A higher-than-expected inflation result both domestically and in the United States, coupled with rising bond yields, sent the Australian share market into sharp decline in the month of January. The All-Ordinaries index closed the month 6.6% lower at 7,268.3 points.
Global share market results were mixed in January, with the United States Dow Jones index falling by 5.4%, the London FTSE gaining by 1.1%, the Japan Nikkei 225 falling by 6.2% and the Hong Kong Hang Seng Index gaining by 1.7% for the month.
The Australian Dollar was under pressure in the month, with one Australian Dollar currently buying 70.69 United States cents (down 1.5% for the month and was as low as 69.88 United States cents late in January).
The Reserve Bank of Australia (RBA) did not meet in January and are due to meet today. For the year to December, the Australian inflation rate increased to 3.5% which was above expectations, and above the RBA medium term target range of 2% to 3% per annum inflation.
The December quarter inflation result has caused immense speculation that the RBA board will be increasing interest rates far sooner than their previous guidance of 2024. While no increase in the official Cash Rate of 0.1% per annum is expected at today’s RBA’s announcement, it will be important to view the RBA board meeting minutes for any change in their guidance.
As a core principle, a central bank increasing interest rates is usually a good sign that economic fundamentals are in order. Nevertheless, interest rates are at unprecedented low levels (deposit rates were closer to 10% per annum last time Australia experienced high inflation in the 1970’s). Therefore, it remains to be seen exactly how asset values will react to any increase in interest rates.
For what it’s worth, my view is that the RBA will not be able to increase interest rates at anywhere near the same level as the United States Federal Reserve for one simple reason – the Australian consumer has more household debt!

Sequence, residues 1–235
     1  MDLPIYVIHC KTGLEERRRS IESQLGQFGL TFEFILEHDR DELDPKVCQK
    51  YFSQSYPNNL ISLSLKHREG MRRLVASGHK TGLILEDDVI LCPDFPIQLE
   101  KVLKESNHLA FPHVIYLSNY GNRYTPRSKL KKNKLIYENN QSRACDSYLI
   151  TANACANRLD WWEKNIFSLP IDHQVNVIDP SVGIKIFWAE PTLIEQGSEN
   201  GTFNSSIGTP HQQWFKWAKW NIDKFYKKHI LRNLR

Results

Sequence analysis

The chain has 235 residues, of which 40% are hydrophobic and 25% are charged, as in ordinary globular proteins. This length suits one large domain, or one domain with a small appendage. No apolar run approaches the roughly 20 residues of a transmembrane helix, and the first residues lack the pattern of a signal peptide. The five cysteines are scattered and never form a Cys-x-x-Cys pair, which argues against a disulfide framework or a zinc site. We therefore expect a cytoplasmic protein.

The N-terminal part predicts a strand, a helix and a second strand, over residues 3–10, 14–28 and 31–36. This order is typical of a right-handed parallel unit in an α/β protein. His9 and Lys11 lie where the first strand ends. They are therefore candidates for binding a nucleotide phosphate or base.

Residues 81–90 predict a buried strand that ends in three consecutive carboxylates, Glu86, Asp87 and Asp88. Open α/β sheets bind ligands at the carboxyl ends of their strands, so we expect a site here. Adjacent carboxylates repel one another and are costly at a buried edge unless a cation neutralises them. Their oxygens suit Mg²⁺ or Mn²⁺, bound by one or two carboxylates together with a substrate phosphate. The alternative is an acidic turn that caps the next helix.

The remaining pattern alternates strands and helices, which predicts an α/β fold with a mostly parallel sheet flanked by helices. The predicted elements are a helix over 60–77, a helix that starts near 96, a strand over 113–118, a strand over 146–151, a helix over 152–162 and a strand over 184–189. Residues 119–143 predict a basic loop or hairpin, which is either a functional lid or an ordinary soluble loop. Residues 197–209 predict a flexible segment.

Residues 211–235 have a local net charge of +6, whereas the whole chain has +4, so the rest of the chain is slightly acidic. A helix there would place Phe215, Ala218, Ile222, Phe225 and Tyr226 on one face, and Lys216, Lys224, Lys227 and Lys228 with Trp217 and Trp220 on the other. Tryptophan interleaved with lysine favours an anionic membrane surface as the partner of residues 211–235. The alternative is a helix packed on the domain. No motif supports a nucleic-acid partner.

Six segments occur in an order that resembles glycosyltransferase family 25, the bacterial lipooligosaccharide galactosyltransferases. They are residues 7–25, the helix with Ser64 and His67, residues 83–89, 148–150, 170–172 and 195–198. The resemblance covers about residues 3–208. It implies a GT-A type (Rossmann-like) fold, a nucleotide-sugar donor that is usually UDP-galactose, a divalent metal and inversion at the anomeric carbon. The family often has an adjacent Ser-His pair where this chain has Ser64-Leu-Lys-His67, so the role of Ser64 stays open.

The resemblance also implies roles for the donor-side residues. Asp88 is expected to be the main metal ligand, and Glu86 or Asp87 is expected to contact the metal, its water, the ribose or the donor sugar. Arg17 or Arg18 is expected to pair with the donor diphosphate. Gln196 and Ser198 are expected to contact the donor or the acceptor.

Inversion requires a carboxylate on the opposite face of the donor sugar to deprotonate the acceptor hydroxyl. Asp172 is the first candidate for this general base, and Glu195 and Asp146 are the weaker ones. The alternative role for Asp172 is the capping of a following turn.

The chart below compares both Australian and United States Household debt to GDP ratios.
Source: Trading Economics
As shown above, the Australian consumer since the early 2000’s has a held a higher level of debt relative to the size of the Australian economy. Indeed, Australian households have continued to increase their level of debt relative to the size of the economy throughout the last decade, to a point now whereby Australian household debt to GDP ratio is some 52% higher than that of the United States!
Given the above, in my view, if the RBA board were to increase interest rates at the same pace as the United States Federal Reserve, then the Australian economy will be impacted to a much greater degree – as Australian households carry a higher level of debt. This must be unlikely given the support that the RBA have provided the economy through the COVID downturn.
Consequently, I do expect the United States Federal Reserve to increase interest rates in the United States sooner, and at a swifter pace, than the RBA in Australia (and this is largely ‘factored into’ asset values already). However, I do not subscribe to those that are predicting the RBA will increase Australian interest rates as early as May this year.
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This article is general information only and is not intended to be a recommendation. We strongly recommend you seek advice from your financial adviser as to whether this information is appropriate to your needs, financial situation and investment objectives.